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Category Archives: Buns and Scrolls

Bacon, Cheese and Chilli Scrolls

Sweet or savoury, scrolls are one of my favourite yeast based products to make. These scrolls are packed with streaky beacon, cheddar cheese and chilli/tomato/barbecue sauce. A perfect snack or quick breakfast on the go.

Make a basic enriched dough and fill it with the above ingredients, and bake into luscious scrolls.

Ingredients

Dough

500g strong flour

7g yeast

250g milk

10g salt

2 free-range eggs

50g butter

Filling

150g streaky bacon

75g good cheddar cheese

2 tablespoons tomato chutney

1 tablespoon sweet chilli sauce

1 tablespoon barbecue sauce

Glaze

1 free-range egg, beaten

1 teaspoon sweet chilli sauce

Method

Put the strong flour into the bowl of an electric mixer fitted with a dough hook or into a large mixing bowl if kneading by hand. Add the instant yeast and salt, making sure the yeast and salt are on opposite sides of the bowl. Add the milk which you have warmed to tepid (microwaving is easy) and the beaten eggs. Mix by hand into a rough dough, even if you’re going to use the dough hook in the next stage.

Cover the bowl with a tea towel or my favourite, a plastic shower cap, and rest for 20 minutes. Then move the bowl to the mixer and knead with the dough hook until the mixture is smooth and starting to develop some elasticity, about 5 minutes. Add the butter in small pieces, then knead again for about 5 minutes, using the mixer until the butter is thoroughly incorporated, the dough is smooth and you can achieve the “windowpane” effect. That is, you can pull some of the dough off the dough hook, between two fingers, stretching it so that it’s translucent.

If you are kneading by hand, you will knead to work the dough really well, in both stages, to get it to the desired silky, elastic stage.

Cover the bowl again and leave in a warm place to prove for about an hour, until the dough is doubled in size. You ideally need a temperature of about 25 degrees C.

You can prepare the filling while the dough is proving. Put the bacon rashers in a cold frying pan and heat up on medium, cooking the bacon rashers slowly, until they are nicely crisp. Remove from the pan and cool to room temperature. Finely chop the bacon rashers.

Grate the cheese and put aside. Combine the chilli, tomato and barbecue sauces in a small bowl.

Once the dough is risen, take the dough out of the bowl onto the bench top or ideally a large wooden board. Flour the bench top or board liberally with flour. Flour a rolling pin and roll the dough into a large rectangle, as large as you can go, with the dough ending up about 1/2 cm thick. My dough rectangle is usually about 30cm in width by 40-50cm in length.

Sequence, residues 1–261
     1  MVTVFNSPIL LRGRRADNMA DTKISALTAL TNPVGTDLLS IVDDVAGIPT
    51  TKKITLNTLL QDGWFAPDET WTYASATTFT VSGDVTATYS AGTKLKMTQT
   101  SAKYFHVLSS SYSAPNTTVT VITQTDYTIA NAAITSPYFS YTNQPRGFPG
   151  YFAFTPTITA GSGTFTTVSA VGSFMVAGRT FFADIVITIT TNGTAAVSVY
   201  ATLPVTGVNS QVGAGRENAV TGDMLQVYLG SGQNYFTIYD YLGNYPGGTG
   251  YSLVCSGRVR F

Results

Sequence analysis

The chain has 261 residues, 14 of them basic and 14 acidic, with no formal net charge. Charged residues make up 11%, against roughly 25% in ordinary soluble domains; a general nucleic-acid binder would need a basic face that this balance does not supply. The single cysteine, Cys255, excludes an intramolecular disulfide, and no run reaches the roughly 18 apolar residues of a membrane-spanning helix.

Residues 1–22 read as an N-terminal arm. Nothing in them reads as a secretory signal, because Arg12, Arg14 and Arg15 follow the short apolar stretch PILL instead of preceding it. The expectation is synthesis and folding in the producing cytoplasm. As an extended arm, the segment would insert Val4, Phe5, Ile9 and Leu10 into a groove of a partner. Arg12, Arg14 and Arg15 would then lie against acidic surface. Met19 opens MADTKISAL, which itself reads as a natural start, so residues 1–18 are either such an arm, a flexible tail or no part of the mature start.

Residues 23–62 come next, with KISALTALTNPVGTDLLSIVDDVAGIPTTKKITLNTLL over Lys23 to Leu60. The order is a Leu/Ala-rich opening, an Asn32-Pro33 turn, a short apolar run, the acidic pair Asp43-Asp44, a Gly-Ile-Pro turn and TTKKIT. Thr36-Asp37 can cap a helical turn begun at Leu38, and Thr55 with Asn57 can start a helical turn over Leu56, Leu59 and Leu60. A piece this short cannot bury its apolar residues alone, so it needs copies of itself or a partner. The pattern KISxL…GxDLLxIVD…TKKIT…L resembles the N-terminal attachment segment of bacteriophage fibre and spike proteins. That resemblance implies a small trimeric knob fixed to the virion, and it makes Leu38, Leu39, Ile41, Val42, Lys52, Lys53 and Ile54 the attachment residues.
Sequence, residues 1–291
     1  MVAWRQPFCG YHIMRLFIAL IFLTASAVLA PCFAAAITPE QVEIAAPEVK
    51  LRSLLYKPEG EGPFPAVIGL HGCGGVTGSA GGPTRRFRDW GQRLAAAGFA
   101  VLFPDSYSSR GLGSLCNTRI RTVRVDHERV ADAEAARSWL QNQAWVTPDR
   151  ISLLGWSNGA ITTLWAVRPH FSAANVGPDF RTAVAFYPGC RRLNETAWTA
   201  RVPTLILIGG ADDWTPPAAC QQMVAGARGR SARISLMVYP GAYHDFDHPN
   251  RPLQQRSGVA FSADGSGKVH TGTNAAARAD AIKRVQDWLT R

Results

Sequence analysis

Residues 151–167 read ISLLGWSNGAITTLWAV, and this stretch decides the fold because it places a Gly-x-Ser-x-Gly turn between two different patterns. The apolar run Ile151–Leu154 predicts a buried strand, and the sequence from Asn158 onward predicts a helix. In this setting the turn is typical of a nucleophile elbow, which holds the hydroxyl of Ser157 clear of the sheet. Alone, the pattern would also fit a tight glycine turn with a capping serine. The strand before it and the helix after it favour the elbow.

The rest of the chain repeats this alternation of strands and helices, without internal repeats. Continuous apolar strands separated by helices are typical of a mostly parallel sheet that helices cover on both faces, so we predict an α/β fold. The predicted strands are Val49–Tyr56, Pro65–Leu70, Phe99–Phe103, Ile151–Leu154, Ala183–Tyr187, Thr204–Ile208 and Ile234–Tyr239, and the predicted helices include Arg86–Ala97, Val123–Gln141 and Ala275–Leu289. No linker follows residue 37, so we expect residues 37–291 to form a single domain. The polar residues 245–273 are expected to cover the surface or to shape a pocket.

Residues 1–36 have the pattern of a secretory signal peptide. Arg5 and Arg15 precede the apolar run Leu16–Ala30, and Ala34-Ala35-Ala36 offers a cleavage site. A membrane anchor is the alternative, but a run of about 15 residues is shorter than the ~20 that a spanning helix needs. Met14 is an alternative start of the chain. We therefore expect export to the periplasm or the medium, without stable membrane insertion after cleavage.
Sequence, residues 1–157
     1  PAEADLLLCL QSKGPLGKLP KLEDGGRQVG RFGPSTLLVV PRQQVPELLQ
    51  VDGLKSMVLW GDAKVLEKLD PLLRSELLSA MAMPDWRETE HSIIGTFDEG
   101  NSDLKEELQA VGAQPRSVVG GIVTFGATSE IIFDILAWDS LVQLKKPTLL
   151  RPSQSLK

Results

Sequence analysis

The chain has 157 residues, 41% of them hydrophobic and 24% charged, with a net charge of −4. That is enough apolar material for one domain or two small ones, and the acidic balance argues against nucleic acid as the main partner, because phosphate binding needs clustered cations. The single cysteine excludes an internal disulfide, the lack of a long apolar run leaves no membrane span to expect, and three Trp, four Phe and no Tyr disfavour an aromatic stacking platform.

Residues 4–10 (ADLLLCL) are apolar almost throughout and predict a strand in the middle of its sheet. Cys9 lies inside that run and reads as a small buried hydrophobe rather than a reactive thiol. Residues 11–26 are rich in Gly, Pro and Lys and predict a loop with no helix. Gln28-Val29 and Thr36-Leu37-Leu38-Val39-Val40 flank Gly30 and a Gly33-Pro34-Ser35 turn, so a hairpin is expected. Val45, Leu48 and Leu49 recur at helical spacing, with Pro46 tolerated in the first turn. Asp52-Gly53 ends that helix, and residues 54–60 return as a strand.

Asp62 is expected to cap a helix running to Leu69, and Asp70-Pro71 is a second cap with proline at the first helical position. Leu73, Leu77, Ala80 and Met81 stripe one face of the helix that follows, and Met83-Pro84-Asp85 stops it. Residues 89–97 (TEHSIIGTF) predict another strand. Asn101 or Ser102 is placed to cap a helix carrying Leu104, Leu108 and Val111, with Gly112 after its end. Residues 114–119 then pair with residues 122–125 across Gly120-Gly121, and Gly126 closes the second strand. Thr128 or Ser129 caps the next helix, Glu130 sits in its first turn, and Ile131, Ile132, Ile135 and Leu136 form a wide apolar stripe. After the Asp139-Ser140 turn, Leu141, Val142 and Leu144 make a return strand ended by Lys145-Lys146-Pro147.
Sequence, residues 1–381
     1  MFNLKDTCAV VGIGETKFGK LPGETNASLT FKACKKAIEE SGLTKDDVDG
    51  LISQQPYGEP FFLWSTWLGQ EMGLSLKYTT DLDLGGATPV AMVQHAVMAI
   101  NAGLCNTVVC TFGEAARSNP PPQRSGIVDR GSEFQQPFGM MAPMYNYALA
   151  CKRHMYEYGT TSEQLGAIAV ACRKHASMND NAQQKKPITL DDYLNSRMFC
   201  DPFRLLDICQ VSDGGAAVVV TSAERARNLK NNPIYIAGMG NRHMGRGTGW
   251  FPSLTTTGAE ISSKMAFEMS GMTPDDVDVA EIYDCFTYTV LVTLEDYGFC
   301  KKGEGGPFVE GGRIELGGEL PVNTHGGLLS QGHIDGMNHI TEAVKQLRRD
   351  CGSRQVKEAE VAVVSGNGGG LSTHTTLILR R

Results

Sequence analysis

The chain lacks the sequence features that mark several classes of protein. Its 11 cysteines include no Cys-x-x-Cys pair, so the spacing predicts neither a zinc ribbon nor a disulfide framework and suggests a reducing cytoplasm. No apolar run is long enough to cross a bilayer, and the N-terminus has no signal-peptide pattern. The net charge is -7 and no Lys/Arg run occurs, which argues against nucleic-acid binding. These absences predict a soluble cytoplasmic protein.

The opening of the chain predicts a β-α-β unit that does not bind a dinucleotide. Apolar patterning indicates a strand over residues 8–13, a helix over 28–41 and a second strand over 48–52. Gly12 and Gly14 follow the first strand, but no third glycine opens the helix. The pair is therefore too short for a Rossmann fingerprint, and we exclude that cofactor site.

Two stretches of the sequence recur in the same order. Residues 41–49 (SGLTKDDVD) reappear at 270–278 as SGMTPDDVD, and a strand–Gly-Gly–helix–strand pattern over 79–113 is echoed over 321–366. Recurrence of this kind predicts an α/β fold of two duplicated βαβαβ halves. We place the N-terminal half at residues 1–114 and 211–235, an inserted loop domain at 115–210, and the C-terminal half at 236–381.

Liberally spread the sauce mixture over the dough rectangle. Scatter the chopped bacon and grated cheese on top of the sauce.

Now carefully roll up the dough along the long side. Using a sharp knife, slice the dough into 18 pieces. These are mini scrolls – if you wanted bigger ones, slice into 12 pieces.

Line a large baking tin or tray with baking paper. Carefully place each slice, cut side up, into the tin or tray, fitting them snugly together.

Place the tin or tray into a large plastic bag. Put the tin or tray into the fridge, and leave for 8-12 hours overnight.

When ready to bake, preheat your oven to 180 degrees C fan forced, or 200 degrees C non fan forced.

Remove the plastic bag from the tin/tray. With a pastry brush, glaze the scrolls with the egg chilli mixture. Place into the preheated oven and bake for 20 minutes or until the scrolls are risen and and nice and brown.

Pull apart and eat while still warm!

Hot Cross Buns 2022

I really look forward to baking hot cross buns each Easter. And each Easter I try a new recipe or tweak one of my old ones. They’re all delicious – I’ve never met a hot cross bun I didn’t like!

So I’m a bit late this year, but I will be making the 2022 version later this week.

But in the meantime, here are the links to my favourite hot cross buns, from the experts from the Great British Bake-off, to Jamie Oliver and Paul Hollywood, to my own sourdough version.

So long as the buns are beautifully baked a deep golden brown and served with lashings of butter, you can’t go wrong.

Great British Bakeoff Hot Cross Buns: https://thequirkandthecool.com/2019/04/19/hot-cross-buns-great-british-bake-off/

A great recipe with lots of fruit and spice including an apple.

Jamie Oliver Inspired Hot Cross Buns: https://thequirkandthecool.com/2016/03/26/hot-cross-buns-jamie-oliver-inspired/

I like this recipe with stem ginger in the original bread mix plus cranberries as well as sultanas in the fruit.

Paul Hollywood’s Hot Cross Buns:https://thequirkandthecool.com/2015/04/03/paul-hollywoods-hot-cross-buns/

A bit more work with this recipe with 3 provings but a great resulting flavour.

Sourdough Hybrid Hot Cross Buns:https://thequirkandthecool.com/2021/03/23/sourdough-hybrid-hot-cross-buns/

If you have a sourdough starter, my recipe makes a delicious hot cross bun with a beautiful flavour!

Shetland Buns

I visited Shetland pre-pandemic when we could travel from home in Australia to the UK. I was so taken with the islands – the breathtaking scenery, the wildlife, the history and culture and of course the food!

This recipe is based on a recipe called Yeast Buns from Margaret B Stout’s “Cookery for Northern Wives” published in 1925. This book documents many Shetland recipes and was an insight into traditional cooking.